What is sex trafficking?

Sex trafficking can happen to anyone of any age, gender, sexual orientation, race and socioeconomic status. 

Madison Mason

Content Warning: Information about sex trafficking and violence is included in this article. 

Slavery has been deemed illegal in many countries throughout the world; however, many forms of modern-day slavery remain, including sex trafficking. 

Sex trafficking can be defined as the recruitment, harboring, transportation, provision, obtaining, patronizing or soliciting of a person for the purpose of a commercial sex act. It involves the use of force, fraud or coercion to make an adult engage in commercial sex acts. However, any commercial sexual activity with a minor, even without force, fraud or coercion, is considered trafficking, according to the Centers for Disease Control and Prevention

Alissa Stoehr, assistant teaching professor of sociology and women’s and gender studies, has a similar definition, in which she described sex trafficking as something that occurs when someone exploits the vulnerabilities of another to force them into unwanted sexual contact with another. A trafficker can also groom another to think there is nothing wrong with what they are doing and that the trafficker is only helping the victim out.

The most common age of sex trafficking is ages 14 to 16, according to Shared Hope. However, Stoehr explained that anyone of any age can be sex trafficked. 

“Anyone can be trafficked,” Stoehr said. “We all have vulnerabilities that can be exploited. These vulnerabilities may be found more in disenfranchised and vulnerable communities, such as the homeless, people with addictions, youth, the elderly, runaways, etc.” 

Many people have a hard time considering that sex trafficking is happening in the United States, let alone their individual cities. Stoehr said this is due to ignorance. 

“I think that most people are still ignorant about what human trafficking actually is because they do not want to think it happens in their town, and it just happens in large cities or other countries,” Stoehr said. “Therefore, they might be more partial to believe ‘fake news’ or any other reports. If someone says it is trafficking, then it must be.”

However, the United States is considered a source, transit and destination country for sex trafficking victims. Trafficked men, women and children are typically taken to brothels, escort services, massage parlors, strip clubs or hotels and are prostituted on the streets or forced to participate in pornography, according to End Slavery Now

Stoehr explained that sex trafficking is prevalent across the United States and world, especially due to highway systems and small towns.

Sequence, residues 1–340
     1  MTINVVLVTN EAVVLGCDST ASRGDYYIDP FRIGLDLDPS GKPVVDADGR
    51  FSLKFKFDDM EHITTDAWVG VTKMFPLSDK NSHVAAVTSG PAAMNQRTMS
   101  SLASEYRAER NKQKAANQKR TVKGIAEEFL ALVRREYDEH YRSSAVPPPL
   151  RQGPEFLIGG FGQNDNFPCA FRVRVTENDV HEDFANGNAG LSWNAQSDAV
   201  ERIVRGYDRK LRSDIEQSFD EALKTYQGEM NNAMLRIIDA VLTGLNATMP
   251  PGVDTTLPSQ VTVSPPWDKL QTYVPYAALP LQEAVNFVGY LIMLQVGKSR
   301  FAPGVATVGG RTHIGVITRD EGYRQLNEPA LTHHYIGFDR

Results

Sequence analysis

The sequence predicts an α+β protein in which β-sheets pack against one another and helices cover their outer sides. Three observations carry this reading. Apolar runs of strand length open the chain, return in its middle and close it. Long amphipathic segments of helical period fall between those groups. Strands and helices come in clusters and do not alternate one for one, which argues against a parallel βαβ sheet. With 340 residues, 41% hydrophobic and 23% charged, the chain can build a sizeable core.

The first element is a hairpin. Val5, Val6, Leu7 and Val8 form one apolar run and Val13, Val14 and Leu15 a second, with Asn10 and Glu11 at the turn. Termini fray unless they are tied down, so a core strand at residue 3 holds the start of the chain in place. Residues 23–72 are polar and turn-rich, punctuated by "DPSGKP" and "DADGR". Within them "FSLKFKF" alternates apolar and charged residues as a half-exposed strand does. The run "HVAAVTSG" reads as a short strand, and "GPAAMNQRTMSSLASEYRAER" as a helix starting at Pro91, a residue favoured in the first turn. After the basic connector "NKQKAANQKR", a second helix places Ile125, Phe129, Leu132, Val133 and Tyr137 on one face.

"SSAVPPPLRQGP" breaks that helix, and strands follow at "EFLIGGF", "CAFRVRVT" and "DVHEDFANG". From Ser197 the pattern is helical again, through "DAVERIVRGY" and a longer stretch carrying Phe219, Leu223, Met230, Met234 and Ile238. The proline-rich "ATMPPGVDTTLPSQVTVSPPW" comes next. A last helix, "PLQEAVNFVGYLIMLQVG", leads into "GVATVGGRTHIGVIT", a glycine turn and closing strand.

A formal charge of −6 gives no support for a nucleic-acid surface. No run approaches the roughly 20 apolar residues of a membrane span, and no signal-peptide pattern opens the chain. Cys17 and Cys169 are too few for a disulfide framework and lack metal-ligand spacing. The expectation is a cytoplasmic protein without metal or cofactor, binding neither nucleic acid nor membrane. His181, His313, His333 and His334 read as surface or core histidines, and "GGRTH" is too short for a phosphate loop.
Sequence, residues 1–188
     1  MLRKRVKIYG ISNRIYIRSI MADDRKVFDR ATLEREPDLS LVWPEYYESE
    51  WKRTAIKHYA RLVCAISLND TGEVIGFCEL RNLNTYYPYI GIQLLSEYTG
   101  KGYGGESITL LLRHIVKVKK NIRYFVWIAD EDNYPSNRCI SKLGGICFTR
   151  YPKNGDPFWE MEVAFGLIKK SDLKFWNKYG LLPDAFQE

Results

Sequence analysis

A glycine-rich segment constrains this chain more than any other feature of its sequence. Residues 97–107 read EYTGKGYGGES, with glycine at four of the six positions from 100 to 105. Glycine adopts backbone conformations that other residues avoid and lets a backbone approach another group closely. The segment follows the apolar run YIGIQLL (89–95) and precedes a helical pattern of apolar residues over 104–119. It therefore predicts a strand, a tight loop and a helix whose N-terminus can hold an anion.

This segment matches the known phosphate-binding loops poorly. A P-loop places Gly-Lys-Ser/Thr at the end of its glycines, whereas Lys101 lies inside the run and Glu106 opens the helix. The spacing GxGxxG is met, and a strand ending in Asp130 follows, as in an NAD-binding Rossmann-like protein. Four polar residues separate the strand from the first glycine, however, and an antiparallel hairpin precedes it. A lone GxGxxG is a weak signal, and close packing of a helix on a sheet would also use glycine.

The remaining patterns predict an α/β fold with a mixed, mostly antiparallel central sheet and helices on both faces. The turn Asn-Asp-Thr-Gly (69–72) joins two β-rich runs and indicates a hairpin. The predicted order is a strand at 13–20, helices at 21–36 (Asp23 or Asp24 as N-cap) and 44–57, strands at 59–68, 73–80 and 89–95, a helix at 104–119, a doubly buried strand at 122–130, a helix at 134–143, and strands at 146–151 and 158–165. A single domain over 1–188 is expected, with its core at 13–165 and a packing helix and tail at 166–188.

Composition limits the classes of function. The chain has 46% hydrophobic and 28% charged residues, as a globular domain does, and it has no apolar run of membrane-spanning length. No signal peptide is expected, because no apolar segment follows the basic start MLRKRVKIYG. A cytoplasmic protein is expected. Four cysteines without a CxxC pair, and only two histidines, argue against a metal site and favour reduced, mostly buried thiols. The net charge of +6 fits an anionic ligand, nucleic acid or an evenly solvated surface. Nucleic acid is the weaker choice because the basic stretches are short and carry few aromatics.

Stoehr went on to say that Ames has even been impacted by sex trafficking.  

“There have been reported and confirmed cases of sex trafficking in Ames,” Stoehr said. “Traffickers will befriend someone through the grooming and recruitment process and get them involved in something before the victim knows what is happening. Traffickers will use ‘legitimate’ job opportunities to try and recruit individuals, which can end up being either sex or labor trafficking.” 

The CDC said more research is needed to evaluate programs and policies that help reduce factors that put people at risk in order to help prevent trafficking before it occurs. However, strategies based on the best-available evidence exist to prevent related forms of violence and may also reduce sex trafficking. Ways states and communities can implement and evaluate efforts is to encourage healthy behaviors in relationships, foster safe homes and neighborhoods, identify and address vulnerabilities during health care visits, reduce demand for commercial sex and end business profits from trafficking-related transactions.

Stoehr added that people should be constantly aware of their surroundings. So, when an opportunity that sounds too good to be true is presented to an individual, they know that it probably is too good to be true.

If you or someone you know are being sex trafficked, call the National Human Trafficking Hotline at 1-(888)-373-7888 to report suspected trafficking cases or to get more information. This hotline is answered 24/7, 365 days a year in over 200 languages.

People can use other resources as well, such as: 

  • An individual can live chat with the Human Trafficking Hotline. 

  • An individual can submit an online tip.

  • An individual can text The Polaris Project textline: text ‘HELP’ at 233733.

  • An individual can call the state of Iowa’s Human Trafficking Hotline: 1-(800)-770-1650.

  • Or an individual can text “iowahelp” to 20121.